A “balanced” meal is one in which the various food principles are combined in a proper proportion. The “balanced” meal must contain some protein, some carbohydrate, some fat, some mineral salts, some water, and some bulk. This combination or “balance” should be present in all meals both for the needs of the body and for good digestion. In other words, it will not do to eat nearly all starch at one meal, and nearly all protein at the next.

Household Engineering: Scientific Management in the Home by Mrs. Christine Frederick (1919)


Eggs, Grand Duc Recipe

toast topped with asparagus, cheese sauce and poached eggAsparagus and eggs pair beautifully, and hum of spring, so I was thrilled to come across a hundred-year-old recipe for Eggs, Grand Duc which is a delightful, surprisingly modern, egg and asparagus recipe.

Toast is topped with long, graceful spears of asparagus, which is immersed in a creamy cheese sauce. And, it all is topped with a perfectly poached egg.

The presentation is lovely, and would be perfect for a small Spring brunch.

Here’s the original recipe:

Source: American Cookery (March, 1919)

Here’s the recipe updated modern cooks. To make this dish more visually appealing, I used whole slices of toast instead of the toast squares called for in the original recipe. I also assembled the ingredients in a different order than called for in the original recipe.

Eggs Grand Duc

  • Servings: 4
  • Difficulty: moderate
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1/2 pound asparagus

4 eggs

2 tablespoons butter

1 cup milk

2 tablespoons flour

1/2 teaspoon salt

1/4 teaspoon paprika

1/3 cup grated cheese (I used cheddar.)

4 slices of bread, toasted


Trim asparagus spears to remove the tough sections at the bottom of the stalks. Place asparagus in a pan with a steamer. Put water in the bottom of the steamer, and cover. Heat to a boil; then reduce heat until the water simmers. Steam for about 5 minutes or until the asparagus is tender. (If preferred the asparagus can be roasted instead of steamed.)

Poached Egg Directions

Bring 1 1/2 to 2 inches of water to a boil in a skillet, then reduce to a simmer. Break each egg into a small bowl or cup, then slip into the water. Cook for 5 minutes. Remove the poached eggs from the water using a slotted spatula, and drain on paper towels.

Cheese Sauce Directions

Using medium heat, melt butter in a saucepan; then stir in the flour and salt. Gradually add the milk while stirring constantly. Then add the cheese; continue stirring until the sauce thickens.

To Assemble

On the top of each slice of toast, arrange one-fourth of the cooked asparagus. Spoon cheese sauce on top of the asparagus, and top with a poached egg.

Can Sizes a Hundred Years Ago

Table with information about selected can sizes
Source: Household Engineering: Scientific Management in the Home by Mrs. Christine Frederick (1919)

Can sizes today seem like they change constantly. I remember when tuna came in 6 3/4 ounce cans, more recently the cans were 6 ounces, and now they are just 5 ounces. Similarly, I remember when commercially-canned peaches were in 1 pound (16 ounce) cans; now the cans are only 15 ounces.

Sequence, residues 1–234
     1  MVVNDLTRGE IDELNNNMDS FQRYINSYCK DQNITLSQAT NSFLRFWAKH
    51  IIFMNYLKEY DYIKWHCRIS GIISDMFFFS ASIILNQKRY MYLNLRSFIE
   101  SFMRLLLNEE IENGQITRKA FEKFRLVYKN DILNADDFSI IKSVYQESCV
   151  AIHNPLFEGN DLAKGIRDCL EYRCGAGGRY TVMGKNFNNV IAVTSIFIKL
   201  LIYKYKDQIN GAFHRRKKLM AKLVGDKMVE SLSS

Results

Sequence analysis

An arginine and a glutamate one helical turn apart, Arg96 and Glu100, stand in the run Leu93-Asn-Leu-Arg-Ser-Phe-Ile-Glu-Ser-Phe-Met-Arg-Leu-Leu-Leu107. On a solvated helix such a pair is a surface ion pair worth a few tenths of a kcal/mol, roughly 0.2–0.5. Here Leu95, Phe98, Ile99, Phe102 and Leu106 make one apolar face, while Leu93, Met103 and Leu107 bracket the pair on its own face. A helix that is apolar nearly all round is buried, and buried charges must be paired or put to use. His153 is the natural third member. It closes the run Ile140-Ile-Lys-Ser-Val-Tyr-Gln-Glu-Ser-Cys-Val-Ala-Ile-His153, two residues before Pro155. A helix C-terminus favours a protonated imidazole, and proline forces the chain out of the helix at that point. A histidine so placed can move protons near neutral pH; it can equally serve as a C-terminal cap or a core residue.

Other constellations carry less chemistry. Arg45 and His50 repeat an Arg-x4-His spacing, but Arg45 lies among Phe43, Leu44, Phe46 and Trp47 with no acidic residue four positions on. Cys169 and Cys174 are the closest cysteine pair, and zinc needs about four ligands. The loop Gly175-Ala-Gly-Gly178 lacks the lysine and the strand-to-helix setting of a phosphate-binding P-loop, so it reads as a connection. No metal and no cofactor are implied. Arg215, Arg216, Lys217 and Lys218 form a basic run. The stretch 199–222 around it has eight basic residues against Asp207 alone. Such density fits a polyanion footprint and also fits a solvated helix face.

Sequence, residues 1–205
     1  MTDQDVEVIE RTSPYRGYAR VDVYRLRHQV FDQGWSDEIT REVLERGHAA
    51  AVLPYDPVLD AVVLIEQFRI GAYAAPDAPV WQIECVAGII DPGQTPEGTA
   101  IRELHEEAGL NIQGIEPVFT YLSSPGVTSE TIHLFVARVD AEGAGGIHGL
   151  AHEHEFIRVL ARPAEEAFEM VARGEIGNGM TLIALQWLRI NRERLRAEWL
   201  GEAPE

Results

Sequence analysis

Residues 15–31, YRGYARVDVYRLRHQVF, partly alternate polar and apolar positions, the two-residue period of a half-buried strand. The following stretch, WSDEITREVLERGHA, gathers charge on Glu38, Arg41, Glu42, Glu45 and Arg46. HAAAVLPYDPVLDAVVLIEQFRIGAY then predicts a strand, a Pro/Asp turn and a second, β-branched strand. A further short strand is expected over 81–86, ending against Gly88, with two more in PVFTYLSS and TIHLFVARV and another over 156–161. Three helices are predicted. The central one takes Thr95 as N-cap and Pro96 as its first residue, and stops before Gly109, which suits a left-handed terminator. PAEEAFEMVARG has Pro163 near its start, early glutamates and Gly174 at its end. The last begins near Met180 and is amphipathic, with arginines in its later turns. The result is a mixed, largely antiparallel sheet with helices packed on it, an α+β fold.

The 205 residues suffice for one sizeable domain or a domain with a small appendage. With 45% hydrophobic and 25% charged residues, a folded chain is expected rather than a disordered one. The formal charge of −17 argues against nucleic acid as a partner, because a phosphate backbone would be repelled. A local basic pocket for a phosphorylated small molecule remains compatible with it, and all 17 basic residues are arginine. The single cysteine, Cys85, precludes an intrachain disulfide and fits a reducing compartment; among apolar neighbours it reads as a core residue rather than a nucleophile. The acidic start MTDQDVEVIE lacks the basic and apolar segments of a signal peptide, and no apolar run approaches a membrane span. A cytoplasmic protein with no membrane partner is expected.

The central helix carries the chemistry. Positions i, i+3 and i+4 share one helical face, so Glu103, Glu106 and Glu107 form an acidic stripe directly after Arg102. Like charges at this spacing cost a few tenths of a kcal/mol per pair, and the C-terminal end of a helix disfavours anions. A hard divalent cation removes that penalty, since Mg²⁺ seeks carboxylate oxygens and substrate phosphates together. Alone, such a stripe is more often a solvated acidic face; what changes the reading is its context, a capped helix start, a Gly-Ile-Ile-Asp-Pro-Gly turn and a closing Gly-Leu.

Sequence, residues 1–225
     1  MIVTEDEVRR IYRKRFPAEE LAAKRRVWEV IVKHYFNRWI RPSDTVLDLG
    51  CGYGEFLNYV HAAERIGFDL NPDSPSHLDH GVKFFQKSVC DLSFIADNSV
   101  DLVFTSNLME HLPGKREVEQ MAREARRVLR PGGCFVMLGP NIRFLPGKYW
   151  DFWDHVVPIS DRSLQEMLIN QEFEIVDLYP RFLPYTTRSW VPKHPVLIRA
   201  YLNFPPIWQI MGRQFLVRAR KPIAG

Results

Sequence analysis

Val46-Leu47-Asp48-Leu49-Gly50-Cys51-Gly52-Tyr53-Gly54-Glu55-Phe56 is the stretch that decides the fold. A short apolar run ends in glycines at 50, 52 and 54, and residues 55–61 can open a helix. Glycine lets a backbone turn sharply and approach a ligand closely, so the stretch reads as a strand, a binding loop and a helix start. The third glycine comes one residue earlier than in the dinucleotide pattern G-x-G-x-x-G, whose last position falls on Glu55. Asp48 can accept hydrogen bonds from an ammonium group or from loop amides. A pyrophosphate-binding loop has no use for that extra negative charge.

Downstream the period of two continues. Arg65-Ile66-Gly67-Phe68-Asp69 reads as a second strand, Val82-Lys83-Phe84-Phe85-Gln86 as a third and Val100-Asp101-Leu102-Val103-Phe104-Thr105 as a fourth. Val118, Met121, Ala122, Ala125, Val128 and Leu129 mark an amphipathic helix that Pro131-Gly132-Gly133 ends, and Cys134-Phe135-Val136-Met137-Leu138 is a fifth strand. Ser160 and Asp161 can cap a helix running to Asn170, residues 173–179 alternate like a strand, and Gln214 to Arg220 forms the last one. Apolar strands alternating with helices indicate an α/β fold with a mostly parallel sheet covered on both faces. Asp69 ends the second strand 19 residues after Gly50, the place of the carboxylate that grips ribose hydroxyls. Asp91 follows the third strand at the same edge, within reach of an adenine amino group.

A hundred years ago there were standard can sizes, and people often referred to cans by their size number. For example, I’ve seen old recipes which call for 1 – No. 3 can of tomatoes. There actually still are standard can sizes, but the size numbers aren’t something on the tip of consumers’ tongues like they once were.

picture of various sizes of cans
Source: Household Engineering: Scientific Management in the Home by Mrs. Christine Frederick (1919)

Dandelions with Bacon or Ham Recipe

Each Spring a primordial urge pulls me out of the house –paring knife and bowl in hand– to the weedy natural area at the far edge of my yard. Luscious green dandelion plants peek through the brown leaf-covered grass. The winter has been long and hard, and I desperately need to renew myself. The tender foraged greens are my spring tonic (as they were for my parents and grandparents).

People traditionally ate a very limited selection of foods during the late winter months, and often they were nutrient-deprived by April. Their bodies told them they needed the vitamins, minerals, and antioxidants provided by the emerging dandelion leaves.

Since I’m a dandelion connoisseur (Is it possible to be a connoisseur of weeds?) , I was thrilled to find a hundred-year-old recipe for Dandelion with Ham or Bacon.

I made the ham version. The ham bits nicely balanced the slight bitterness of the small tender dandelion leaves. As I hungrily devour the dish,  I can almost feel the nutrients surging through my body. I’ve made it through another winter. Spring (and fresh food) have arrived – and I know that the summer’s bounty will be here soon. Life is good.

Here’s the original recipe:

Source: American Cookery (April, 1918)

When I made this recipe, I made one-quarter of the original recipe. Here’s the recipe updated for modern cooks:

Dandelions with Ham or Bacon

  • Servings: 2 - 3
  • Difficulty: moderate
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2 quarts dandelion (8 cups)


4 ounces ham or bacon, chopped

1/4 teaspoon salt

dash pepper

Thoroughly wash the dandelion. (I triple wash it, and it is a slow process. The washing of the dandelion is what takes most of the time when making this recipe.)  Put in a large sauce pan and cover with boiling water. Place on stove, bring back to a boil using high heat. Boil for 15 seconds then remove from heat and drain thoroughly. Just barely cover the dandelion with fresh boiling water, add ham or bacon, salt, and pepper. Cover and place back on the stove. Return to a boil using high heat, then reduce heat and simmer until the meat is tend and the dandelions are almost dry (they should still have a little juice (about 25 minutes).  Remove from heat. If desired, serve with boiled turnips or potatoes.